Hundreds of government IT workers in strike ballot over pay

12 August 2011

Hundreds of IT staff who work on contracts for five government departments and agencies are being balloted for a strike over pay.

Industrial action could be held in September and October and would affect the public services supported by the contractor Fujitsu, particularly in HM Revenue and Customs and the Driver and Vehicle Licensing Agency, meaning the firm could face financial penalties for missing service agreements.

The ballot, which opened this week, involves almost 750 staff working on contracts across the UK for HMRC, Home Office, Ministry of Defence, Office of National Statistics and the DVLA.

Fujitsu has either met or exceeded performance targets on these contracts this year and senior managers are enjoying bonuses in excess of £14,000 in some cases - more than some staff earn in a year.

Despite this, the company is refusing to increase a pay offer that will mean rises of between just 1.5% and 2.5%, well below the rate of inflation. Fujitsu has also reneged on a commitment given during talks last year to introduce a structured pay progression system.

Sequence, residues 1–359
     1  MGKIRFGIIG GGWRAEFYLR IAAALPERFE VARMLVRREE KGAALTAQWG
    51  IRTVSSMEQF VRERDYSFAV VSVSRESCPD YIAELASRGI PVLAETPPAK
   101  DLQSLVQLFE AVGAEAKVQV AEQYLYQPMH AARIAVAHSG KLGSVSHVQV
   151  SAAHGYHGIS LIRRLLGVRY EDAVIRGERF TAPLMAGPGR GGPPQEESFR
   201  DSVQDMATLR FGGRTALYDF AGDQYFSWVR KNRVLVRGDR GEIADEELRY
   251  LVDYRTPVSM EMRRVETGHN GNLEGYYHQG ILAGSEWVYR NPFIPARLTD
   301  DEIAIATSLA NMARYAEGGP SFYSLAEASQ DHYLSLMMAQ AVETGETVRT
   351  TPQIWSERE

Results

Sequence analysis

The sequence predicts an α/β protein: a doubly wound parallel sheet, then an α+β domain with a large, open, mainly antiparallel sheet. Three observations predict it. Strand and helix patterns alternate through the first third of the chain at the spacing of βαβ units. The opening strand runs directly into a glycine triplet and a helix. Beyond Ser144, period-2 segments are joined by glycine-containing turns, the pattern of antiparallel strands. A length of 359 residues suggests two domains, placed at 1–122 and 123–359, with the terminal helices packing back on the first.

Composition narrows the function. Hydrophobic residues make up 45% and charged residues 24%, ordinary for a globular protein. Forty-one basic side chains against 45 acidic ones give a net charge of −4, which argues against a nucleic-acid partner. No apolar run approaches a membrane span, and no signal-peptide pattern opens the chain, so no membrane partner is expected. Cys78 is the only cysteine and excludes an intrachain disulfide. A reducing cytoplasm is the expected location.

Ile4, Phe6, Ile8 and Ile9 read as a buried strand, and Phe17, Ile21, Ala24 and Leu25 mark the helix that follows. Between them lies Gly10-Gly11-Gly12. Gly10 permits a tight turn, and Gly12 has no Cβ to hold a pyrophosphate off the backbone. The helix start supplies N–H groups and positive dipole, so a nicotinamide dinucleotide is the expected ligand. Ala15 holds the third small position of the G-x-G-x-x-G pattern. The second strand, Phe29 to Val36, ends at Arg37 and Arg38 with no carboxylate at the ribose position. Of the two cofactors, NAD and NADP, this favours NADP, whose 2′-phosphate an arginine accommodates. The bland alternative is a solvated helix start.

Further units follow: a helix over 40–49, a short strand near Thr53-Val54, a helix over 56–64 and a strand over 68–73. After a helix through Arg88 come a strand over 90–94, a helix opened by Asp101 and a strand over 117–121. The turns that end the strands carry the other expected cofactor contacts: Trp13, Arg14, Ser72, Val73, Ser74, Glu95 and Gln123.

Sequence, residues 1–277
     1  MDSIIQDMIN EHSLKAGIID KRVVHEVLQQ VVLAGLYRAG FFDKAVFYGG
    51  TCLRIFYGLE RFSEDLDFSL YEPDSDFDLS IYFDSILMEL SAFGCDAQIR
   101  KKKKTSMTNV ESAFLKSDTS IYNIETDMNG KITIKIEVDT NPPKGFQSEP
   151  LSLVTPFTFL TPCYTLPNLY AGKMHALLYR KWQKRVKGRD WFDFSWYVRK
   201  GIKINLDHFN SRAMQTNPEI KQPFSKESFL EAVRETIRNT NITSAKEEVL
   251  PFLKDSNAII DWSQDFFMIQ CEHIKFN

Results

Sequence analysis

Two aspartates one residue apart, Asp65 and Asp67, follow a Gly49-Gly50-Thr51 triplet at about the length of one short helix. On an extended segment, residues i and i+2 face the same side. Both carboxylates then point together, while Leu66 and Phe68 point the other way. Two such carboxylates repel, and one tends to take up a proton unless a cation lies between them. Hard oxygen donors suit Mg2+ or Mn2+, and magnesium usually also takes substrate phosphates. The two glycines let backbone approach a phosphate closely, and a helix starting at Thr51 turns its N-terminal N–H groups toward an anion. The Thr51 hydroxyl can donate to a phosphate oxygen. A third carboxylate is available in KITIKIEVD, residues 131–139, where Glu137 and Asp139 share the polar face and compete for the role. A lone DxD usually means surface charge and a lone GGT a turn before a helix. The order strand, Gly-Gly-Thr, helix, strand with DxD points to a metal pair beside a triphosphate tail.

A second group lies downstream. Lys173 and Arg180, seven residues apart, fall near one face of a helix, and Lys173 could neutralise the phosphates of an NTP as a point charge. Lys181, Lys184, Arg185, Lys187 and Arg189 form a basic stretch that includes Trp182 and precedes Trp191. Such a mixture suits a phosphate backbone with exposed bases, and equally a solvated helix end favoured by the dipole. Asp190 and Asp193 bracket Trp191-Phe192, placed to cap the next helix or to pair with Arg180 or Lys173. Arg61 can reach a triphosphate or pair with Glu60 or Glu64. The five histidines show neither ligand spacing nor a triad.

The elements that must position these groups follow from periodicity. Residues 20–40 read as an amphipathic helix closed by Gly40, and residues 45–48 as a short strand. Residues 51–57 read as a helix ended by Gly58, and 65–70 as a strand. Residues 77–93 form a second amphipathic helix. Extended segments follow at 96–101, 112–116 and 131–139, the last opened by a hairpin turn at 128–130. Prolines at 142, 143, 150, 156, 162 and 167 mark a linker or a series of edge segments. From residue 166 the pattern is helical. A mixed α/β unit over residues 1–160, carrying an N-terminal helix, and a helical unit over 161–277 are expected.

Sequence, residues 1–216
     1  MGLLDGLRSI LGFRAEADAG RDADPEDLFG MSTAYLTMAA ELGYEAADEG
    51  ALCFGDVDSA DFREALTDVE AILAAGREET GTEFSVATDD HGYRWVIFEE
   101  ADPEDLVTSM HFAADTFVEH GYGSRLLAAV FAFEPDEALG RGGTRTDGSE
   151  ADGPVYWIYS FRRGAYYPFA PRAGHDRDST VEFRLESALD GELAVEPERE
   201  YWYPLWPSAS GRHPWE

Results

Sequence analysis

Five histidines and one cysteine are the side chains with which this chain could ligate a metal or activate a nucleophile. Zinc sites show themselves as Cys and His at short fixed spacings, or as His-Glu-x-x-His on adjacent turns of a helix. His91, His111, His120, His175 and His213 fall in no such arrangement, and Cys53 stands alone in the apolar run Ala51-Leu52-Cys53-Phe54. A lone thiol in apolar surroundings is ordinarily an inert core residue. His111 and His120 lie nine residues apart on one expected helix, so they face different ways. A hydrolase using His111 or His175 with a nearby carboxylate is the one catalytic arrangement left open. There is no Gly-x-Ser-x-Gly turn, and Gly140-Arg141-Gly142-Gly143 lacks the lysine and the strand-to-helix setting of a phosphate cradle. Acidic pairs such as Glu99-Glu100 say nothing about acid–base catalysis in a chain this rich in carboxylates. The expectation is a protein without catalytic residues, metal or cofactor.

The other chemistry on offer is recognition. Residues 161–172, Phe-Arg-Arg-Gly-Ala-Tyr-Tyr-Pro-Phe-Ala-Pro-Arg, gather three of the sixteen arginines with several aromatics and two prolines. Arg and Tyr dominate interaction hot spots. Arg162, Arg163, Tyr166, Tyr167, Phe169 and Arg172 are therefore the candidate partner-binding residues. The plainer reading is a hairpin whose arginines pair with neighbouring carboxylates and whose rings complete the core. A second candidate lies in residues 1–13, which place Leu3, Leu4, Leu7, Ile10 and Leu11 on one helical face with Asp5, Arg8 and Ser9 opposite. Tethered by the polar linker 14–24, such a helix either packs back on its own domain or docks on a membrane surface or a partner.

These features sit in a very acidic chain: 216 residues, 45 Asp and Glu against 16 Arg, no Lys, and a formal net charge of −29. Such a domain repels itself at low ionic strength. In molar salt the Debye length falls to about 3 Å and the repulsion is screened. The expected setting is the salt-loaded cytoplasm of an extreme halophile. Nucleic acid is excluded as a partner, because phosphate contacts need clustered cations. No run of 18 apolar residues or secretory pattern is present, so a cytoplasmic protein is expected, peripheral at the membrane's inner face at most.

The staff perform a variety of roles, including support for HMRC IT systems, meaning the payment of tax credits could be hit by any industrial action, and in the DVLA they maintain and develop the IT systems that produce driving licences.

PCS general secretary Mark Serwotka said: "While senior managers are pocketing bonuses in excess of what some of our members earn in a year, it's not only wrong, it's offensive for Fujitsu to claim it can't afford to increase pay.

"Just because these staff are off the government's books, ministers are ultimately responsible for what happens in their department's name and they can not simply wash their hands of issues like low pay among their contractors."


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